A moderate reform suggested by my analysis is to reduce or eliminate efforts to increase voter turnout. Education and age are the two best predictors of turnout. Since the former is the strongest predictor of economic literacy, and the latter has little connection with it, the median voter’s economic literacy exceeds the median citizen’s. If “get out the vote” campaigns led to 100% participation, politicians would have to compete for the affection of noticeably more biased voters than they do today.
Rosenberg, in similar fashion, takes it as a given that the average person is easily brainwashed by media messaging, and then, descending into complete incoherence, he argues that democracy is collapsing because elites no longer control such messages:
An authoritative and powerful democratic elite would be able to control people’s perceptions of those problems and the range of possible ways of dealing with them so that particular politicians or policies are rejected, rather than systems of democratic governance … This has entailed an ever greater dismantling of hierarchical structures and a de-legitimation of conventional or traditional authority. One crucial aspect of this ongoing process is the increasing loss of elite control over the public sphere.
Naturally, Rosenberg also disapproves of untrammeled free speech. He criticizes the internet, the computer and the smartphone because these technologies “have been developed in ways that give individuals both an increasing range of choices and a greater ability to express preferences in a very public way,” allowing “an alienated, uneducated, working class ranch hand living in east Texas” access to information from major television channels and national newspapers controlled by elites, but also to what Rosenberg describes as “less culturally sanctioned sources.” And, worst of all, such a person is “now able to choose which messages he or she wants to receive.”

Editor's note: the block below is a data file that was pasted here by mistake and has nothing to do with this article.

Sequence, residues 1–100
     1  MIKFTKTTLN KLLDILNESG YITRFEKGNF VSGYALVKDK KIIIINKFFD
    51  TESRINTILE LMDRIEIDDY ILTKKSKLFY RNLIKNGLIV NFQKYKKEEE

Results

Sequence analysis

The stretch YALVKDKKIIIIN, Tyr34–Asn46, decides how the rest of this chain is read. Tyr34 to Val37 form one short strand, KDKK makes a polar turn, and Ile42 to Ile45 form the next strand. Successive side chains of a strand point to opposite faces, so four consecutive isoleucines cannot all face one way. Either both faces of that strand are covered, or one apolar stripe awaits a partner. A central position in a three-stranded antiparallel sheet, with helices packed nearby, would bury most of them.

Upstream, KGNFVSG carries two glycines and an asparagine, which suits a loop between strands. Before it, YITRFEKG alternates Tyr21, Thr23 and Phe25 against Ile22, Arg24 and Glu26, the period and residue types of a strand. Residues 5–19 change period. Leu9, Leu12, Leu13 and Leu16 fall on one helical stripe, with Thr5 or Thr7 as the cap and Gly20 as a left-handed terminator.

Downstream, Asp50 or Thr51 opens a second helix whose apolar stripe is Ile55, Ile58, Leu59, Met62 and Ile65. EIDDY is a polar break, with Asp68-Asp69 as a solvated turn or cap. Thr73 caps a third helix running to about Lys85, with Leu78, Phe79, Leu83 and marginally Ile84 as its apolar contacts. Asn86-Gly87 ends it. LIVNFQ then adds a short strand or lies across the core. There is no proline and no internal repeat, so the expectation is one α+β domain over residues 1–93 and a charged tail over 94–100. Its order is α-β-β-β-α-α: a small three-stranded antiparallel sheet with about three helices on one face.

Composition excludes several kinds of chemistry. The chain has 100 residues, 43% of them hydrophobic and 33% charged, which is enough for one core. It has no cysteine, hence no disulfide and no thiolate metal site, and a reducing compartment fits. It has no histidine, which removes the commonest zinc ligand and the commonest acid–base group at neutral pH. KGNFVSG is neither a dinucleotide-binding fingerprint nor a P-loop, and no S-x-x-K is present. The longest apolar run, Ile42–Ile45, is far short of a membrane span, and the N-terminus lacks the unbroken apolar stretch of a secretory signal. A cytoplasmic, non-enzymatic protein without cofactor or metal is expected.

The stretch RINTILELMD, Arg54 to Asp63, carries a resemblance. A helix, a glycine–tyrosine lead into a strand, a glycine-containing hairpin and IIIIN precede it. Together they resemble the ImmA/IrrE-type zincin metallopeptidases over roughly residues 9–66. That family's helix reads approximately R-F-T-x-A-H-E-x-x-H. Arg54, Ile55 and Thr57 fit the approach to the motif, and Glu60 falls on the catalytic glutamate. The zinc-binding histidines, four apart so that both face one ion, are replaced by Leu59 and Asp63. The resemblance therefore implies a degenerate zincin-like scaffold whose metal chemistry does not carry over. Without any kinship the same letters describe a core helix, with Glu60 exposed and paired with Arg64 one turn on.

Here is the crux of the matter. Because technology has allowed a democracy of ideas to flourish, Rosenberg and his ilk believe that democracy as a sociopolitical system is collapsing. As Rick Shenkman puts it in his Politico piece: “The irony is that more democracy—ushered in by social media and the Internet, where information flows more freely than ever before—is what has unmoored our politics, and is leading us towards authoritarianism.” Historically, this has been the standard response of the elites to any development which gives more people more say in their affairs: from the invention of the printing press, to the expansion of voting rights, to the emergence of the novel, radio and television and, now, Facebook and YouTube.
Thus, according to Rosenberg, twenty-first century authoritarianism is manifesting itself through the loss of power in institutions designed to control citizens. Here’s his very long-winded rationale:
The structure of democracy as a system of relationships among self-constituting individuals is realized in its institutions as well. Some institutions are designed to translate individual claims and wants into collective judgments and decisions. These include processes such as referendums on specific issues and elections of representatives in which there is free and equal participation by all individual citizens. This is extended to the functioning of legislative bodies where the voting procedures are used to aggregate the preferences of elected representatives to make policies directing state action. These collective decision-making institutions are supplemented by judiciary ones. Their primary responsibility is to act as referees and adjudicate conflicts that arise between individuals and between individuals and the state. In doing so, the mandate of these institutions is to protect the integrity and equality of citizens who are interdependent. Typically this is embodied in codes that prioritize individual rights, private property and contracts between individuals. Thus the rule of law is a critical element of democratic institutions.
Of course, the 24 September ruling by Britain’s Supreme Court, which effectively undermined the 2016 referendum result preferred by the majority of citizens, shows how hollow this argument is. Similarly, the impeachment proceedings now being considered by the US Congress reveal how easily institutions can be subverted by elites, rather than used to bolster democracy.
Near to the Madding Crowd